Friday, December 7, 2007

A Story about the Body By Robert Haas

A Story about the Body


The young composer, working that summer at an artist’s colony, had watched her for a week. She was Japanese, a painter, almost sixty, and he thought he was in love with her. He loved her work, and her work was like the way she moved her body, used her hands, looked at him directly when she mused and considered answers to his questions. One night, walking back from a concert, they came to her door and she turned to him and said, “I think you would like to have me. I would like that too, but I must tell you that I have had a double mastectomy,” and when he didn’t understand, “I’ve lost both my breasts.” The radiance that he had carried around in his belly and chest cavity-like music-withered quickly, and he made himself look at her when he said, “I’m sorry I don’t think I could.” He walked back to his own cabin through the pines, and in the morning he found a small blue bowl on the porch outside his door. It looked to be full of rose petals, but he found when he picked it up that the rose petals were on top; the rest of the bowl-she must have swept the corners of her studio-was full of dead bees.

Robert Hass

2 comments:

Rita said...

I love this poem.
I read it to my students in the way Alan Sandy taught me at Sonoma State University...read it aloud twice, two different voices. I usually read it aloud first.
I first taught it to seniors, but I'm thinking about teaching it to sophomores, rising juniors.
I teach high school.
I'd love to know what poems other high school teachers teach.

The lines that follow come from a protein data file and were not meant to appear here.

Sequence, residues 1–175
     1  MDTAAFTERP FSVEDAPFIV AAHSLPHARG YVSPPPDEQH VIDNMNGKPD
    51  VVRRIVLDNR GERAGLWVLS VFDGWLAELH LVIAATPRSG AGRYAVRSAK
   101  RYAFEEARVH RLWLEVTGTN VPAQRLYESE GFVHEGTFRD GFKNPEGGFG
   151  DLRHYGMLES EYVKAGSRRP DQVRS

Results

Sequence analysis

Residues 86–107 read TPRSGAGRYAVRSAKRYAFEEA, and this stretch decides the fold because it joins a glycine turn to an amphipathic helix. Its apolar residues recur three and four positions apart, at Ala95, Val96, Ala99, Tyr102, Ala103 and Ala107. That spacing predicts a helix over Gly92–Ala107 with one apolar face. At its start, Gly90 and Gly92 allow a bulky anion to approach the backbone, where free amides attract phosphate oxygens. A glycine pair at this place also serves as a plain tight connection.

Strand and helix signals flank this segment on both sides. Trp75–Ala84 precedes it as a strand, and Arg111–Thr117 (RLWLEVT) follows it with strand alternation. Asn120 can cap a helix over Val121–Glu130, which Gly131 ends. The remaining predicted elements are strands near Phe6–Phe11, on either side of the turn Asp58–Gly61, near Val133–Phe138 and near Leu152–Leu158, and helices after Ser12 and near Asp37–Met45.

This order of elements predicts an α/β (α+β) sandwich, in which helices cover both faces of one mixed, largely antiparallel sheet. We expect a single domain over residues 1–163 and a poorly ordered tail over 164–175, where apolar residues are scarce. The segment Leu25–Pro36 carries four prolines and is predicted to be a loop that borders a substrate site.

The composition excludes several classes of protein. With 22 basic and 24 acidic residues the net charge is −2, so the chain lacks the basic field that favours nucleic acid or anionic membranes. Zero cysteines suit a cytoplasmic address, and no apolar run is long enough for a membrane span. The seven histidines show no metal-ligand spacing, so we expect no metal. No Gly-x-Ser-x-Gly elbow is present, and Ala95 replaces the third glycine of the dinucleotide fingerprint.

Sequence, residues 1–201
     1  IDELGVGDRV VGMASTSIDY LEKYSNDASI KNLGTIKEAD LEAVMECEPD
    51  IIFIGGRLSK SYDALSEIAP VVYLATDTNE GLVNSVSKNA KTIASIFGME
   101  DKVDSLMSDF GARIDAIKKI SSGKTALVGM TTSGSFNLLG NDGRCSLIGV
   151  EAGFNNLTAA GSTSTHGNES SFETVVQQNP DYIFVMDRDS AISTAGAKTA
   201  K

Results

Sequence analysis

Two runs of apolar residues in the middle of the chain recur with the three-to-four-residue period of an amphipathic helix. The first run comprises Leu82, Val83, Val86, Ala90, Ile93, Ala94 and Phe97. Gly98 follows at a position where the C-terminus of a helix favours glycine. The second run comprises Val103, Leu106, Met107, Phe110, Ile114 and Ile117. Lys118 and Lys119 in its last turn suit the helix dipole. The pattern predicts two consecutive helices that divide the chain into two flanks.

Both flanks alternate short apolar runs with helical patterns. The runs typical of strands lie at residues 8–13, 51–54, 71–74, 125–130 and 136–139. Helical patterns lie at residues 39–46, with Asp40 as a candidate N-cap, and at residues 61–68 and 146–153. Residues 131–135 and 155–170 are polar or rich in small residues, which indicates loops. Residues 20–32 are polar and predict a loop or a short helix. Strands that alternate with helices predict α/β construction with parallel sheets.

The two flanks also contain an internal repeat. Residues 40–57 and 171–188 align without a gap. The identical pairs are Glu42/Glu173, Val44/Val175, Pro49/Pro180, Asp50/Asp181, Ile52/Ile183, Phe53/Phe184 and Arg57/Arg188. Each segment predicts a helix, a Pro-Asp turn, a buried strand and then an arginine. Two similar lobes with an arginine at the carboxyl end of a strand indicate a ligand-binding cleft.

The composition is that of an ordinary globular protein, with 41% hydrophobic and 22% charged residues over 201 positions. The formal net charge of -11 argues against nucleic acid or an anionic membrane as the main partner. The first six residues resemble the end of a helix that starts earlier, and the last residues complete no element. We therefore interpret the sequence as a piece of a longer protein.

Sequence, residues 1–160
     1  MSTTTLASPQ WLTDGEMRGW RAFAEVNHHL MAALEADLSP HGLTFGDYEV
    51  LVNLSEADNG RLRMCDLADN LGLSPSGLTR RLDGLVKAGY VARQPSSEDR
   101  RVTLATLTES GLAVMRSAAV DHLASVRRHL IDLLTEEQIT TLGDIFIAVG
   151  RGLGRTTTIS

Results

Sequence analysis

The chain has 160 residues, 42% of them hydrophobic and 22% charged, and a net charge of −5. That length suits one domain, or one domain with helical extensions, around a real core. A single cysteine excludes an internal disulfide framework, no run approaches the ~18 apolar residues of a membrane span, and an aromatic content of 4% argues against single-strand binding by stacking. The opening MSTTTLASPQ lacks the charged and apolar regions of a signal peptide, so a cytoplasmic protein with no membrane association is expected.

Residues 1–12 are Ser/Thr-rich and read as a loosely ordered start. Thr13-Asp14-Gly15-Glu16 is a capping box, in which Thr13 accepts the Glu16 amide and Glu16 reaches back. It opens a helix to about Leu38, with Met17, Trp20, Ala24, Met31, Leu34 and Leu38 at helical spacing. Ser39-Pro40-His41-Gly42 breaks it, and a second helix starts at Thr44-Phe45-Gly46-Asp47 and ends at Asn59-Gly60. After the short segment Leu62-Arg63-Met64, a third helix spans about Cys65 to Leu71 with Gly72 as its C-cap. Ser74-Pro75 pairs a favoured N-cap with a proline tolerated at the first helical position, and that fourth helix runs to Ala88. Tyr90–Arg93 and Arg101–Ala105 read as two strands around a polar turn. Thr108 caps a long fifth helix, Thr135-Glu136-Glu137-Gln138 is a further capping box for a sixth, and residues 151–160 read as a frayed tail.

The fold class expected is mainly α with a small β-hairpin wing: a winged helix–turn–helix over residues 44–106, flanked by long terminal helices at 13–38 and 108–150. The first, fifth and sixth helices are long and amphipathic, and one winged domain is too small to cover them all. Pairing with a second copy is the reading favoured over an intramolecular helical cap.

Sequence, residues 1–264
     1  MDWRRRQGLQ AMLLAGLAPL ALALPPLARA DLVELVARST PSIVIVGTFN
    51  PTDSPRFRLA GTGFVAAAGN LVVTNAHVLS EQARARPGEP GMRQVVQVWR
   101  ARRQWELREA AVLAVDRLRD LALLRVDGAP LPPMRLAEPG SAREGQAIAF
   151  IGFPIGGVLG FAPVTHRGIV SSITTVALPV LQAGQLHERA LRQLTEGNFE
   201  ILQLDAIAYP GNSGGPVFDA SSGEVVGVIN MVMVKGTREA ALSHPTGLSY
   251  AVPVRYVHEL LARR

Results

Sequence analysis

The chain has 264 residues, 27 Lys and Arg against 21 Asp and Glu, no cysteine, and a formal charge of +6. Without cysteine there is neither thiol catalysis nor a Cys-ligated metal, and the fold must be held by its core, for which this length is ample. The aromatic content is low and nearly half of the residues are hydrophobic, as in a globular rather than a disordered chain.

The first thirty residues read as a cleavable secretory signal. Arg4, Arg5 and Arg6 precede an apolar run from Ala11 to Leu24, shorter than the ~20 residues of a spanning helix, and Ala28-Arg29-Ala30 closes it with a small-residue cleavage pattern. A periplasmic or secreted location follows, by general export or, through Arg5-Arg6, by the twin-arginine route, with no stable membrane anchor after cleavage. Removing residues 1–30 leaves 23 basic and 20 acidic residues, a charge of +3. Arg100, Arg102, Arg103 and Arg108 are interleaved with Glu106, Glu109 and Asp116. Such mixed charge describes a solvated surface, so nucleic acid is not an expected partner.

I've taken a pause from cooking for my poetry potluck here in Nashville to find this poem by Haas.
I heard his partner, Joy Hirschfied--no Jane Hirschfield--read aloud once. I like her poetry also and purchased her sacred verse of women's poetry.
I'm trying to start a tradition with my faculty -- every April (National Poetry Month) host a poetry party of some kind and invite your department (half of mine can't make it but that's okay -- we have prom tonight and one colleague shared with me that poetry isn't her thing -- no worries) and other cool people on your faculty. Have food, imbibe or drink sweet tea or mineral water, read poetry after both -- read it into the night, read it out on the back porch, read it and feel it through your sluggish veins, read it as a rite of spring, as a dance, move it, fling your arms out and shake your hips and read poetry while you breathe and hope and celebrate that we are alive and well. Read poetry aloud with friends -- very important.

Thanks for the time.

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